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The Golden Age Flash.Golden Age Origins

In 1940, writer Gardner Fox (1911–1986) and artist Harry Lampert (1916–2004) created the Flash for All-American Comics, which published under the DC Comics label. With powers and costume inspired by the Greek/Roman god Mercury, Jay Garrick made his debut in Flash Comics #1. Edited by Sheldon Mayer (1917–1991), the series featured the Flash, Hawkman, and a rotating cast of other heroes.

In the early years of super-hero comics, filled with multi-powered Superman clones or multi-gadgeted Batman clones, the Flash was “the first specialty super-hero.” It might be hard to relate to someone who could fly, but just about everyone knew what it was like to run, and could imagine running like the wind. The Flash proved so popular he gained a series of his own, All-Flash Quarterly in 1941 (soon shortened to just All-Flash), and a regular spot in Comic Cavalcade in 1942.

Criminals and Comedians

At first the Flash battled ordinary criminals: racketeers, kidnappers, or thieves. Occasionally he would match wits with a mad scientist (or, more likely, ordinary crooks who had made of with an invention). It took nearly three years for his first super-powered enemy, the Shade, to appear in Flash #33 (1942). Even then, recurring villains were rare until late in the decade, when the Fiddler and Thinker racked up four return appearances each. (The Shade himself didn’t return until 1961, well into the Silver Age!)

The book was often “comic” in more ways than one. It would use slapstick humor and puns, and the Flash acquired a trio of comedic sidekicks, the Three Dimwits. Their stories were cartoony and focused as much on the comedy as the adventure.

The Sincerest Form of Flattery

The speedster quickly became an archetype, and imitators were soon racing through other publications. Quality Comics introduced Quicksilver later that year. DC added a second speedster—one that they owned outright—in 1941: Johnny Quick. And with all the good names taken, the future Marvel Comics created the Whizzer.

Interestingly, DC now owns all the Golden-Age speedsters but the Whizzer. A 1945 feud[1] between DC and All-American ended when DC bought out the entire line. After Quality Comics went out of business in 1956, DC bought their line-up. The trademark on Quicksilver lapsed, though, and Marvel introduced their own super-speed mutant with the name in 1964. When Mark Waid re-introduced the original in 1993, he renamed the character Max Mercury. The Whizzer, meanwhile, took a circuitous route back to the source, as Marvel reused the name when creating their JLA stand-ins, the Squadron Supreme.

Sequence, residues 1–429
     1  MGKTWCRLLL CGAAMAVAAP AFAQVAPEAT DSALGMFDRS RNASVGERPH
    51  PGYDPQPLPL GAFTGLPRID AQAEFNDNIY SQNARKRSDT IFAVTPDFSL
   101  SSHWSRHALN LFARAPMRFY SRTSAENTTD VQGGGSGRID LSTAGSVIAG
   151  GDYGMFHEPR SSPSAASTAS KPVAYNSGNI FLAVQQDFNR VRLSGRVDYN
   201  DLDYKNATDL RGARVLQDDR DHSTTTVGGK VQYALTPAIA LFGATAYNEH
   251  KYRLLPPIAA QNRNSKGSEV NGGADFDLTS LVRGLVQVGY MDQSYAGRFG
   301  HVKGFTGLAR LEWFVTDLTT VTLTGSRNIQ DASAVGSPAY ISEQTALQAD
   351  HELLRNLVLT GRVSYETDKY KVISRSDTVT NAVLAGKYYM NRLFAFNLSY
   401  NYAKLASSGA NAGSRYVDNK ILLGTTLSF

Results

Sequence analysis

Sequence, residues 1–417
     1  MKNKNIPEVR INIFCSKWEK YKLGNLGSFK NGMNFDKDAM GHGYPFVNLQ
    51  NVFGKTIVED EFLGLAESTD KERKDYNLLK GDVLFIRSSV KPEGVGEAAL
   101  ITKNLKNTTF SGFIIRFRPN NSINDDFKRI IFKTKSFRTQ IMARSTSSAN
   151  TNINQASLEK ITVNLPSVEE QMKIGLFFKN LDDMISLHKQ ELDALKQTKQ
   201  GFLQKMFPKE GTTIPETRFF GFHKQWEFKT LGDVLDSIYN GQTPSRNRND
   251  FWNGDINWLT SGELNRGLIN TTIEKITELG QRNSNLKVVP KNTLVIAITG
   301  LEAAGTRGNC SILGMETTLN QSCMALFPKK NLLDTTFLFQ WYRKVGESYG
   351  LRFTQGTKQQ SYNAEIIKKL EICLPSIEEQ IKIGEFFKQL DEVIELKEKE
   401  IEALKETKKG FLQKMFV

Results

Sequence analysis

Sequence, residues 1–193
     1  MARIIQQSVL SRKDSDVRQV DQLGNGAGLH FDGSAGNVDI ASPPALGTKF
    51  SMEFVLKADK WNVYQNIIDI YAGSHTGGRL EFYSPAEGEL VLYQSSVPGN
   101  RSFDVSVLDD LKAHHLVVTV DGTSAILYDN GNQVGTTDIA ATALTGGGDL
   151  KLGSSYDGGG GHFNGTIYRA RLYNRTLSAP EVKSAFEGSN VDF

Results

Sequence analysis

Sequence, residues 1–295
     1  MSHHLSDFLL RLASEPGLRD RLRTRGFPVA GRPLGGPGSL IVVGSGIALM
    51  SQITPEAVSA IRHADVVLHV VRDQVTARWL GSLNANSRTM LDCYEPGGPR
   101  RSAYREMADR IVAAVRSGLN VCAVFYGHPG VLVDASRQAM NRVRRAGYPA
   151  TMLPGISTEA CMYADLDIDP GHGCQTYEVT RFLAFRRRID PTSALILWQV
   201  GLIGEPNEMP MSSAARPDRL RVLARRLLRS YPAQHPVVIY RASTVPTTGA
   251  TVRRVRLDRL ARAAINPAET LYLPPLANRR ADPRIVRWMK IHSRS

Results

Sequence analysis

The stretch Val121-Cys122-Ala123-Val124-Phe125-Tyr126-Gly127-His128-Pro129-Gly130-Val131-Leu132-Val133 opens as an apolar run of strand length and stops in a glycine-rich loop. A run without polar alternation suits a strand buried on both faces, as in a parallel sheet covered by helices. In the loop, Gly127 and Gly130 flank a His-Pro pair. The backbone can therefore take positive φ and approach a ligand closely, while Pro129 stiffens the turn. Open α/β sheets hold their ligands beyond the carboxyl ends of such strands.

Fading Away

Interest in comic books dropped off by the end of the decade. (Unless you count crusades against comics by people who blamed them for juvenile delinquency.) Nearly all super-heroes faded from view during the early 1950s, only the “big three”—Superman, Batman, and Wonder Woman—surviving intact. All-Flash closed down in 1948, the Flash lost his space in Comic Cavalcade, and Flash Comics finished up with #104 in 1949.

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To be continued...

Text by Kelson Vibber. Do not copy without permission.

Top of Page Primary Sources

  • The Golden-Age Flash Archives #1 (1999): Foreword by Mark Waid
  • The Comic Cavalcade Archives #1 (2005): Foreword by Michael Uslan and Robert Klein
  • The Silver-Age Flash Archives #1 (1996): Foreword by Paul Kupperberg
  • The Greatest Flash Stories Ever Told (1991): Foreword by Carmine Infantino
  • The Greatest Flash Stories Ever Told (1991): Introduction by Mike Gold
  • The Greatest Flash Stories Ever Told (1991): “The Final Flash Storyline,” Cary Bates
  • The Official Teen Titans Index #1 (1985), Murray R. Ward
  • Don Markstein’s Toonopedia


  • Golden Age: Flash Comics #14 (by way of the Golden Age Flash Archives #1) (November 1999) - E.E. Hibbard
  • DC and All-American Logos: All-Flash #20 and #24 (1945–1946)


DC and All-American logos [1] DC vs. All-American. In 1939, DC Comics owner Harry Donenfield contracted with Max Gaines to publish additional comics under the DC label. Gaines set up All-American Comics, which developed characters such as the Flash, Green Lantern, and Wonder Woman. By 1945 the relationship had soured to the point that All-American started publishing under their own label. Flash Comics #62–67, All-Flash #17–20, and Comic Cavalcade #10–12 appeared as AA comics instead of DC. The result: DC Comics bought out the entire All-American line, and the books returned to the DC label. (Comic Cavalcade Archives #1, 2005)

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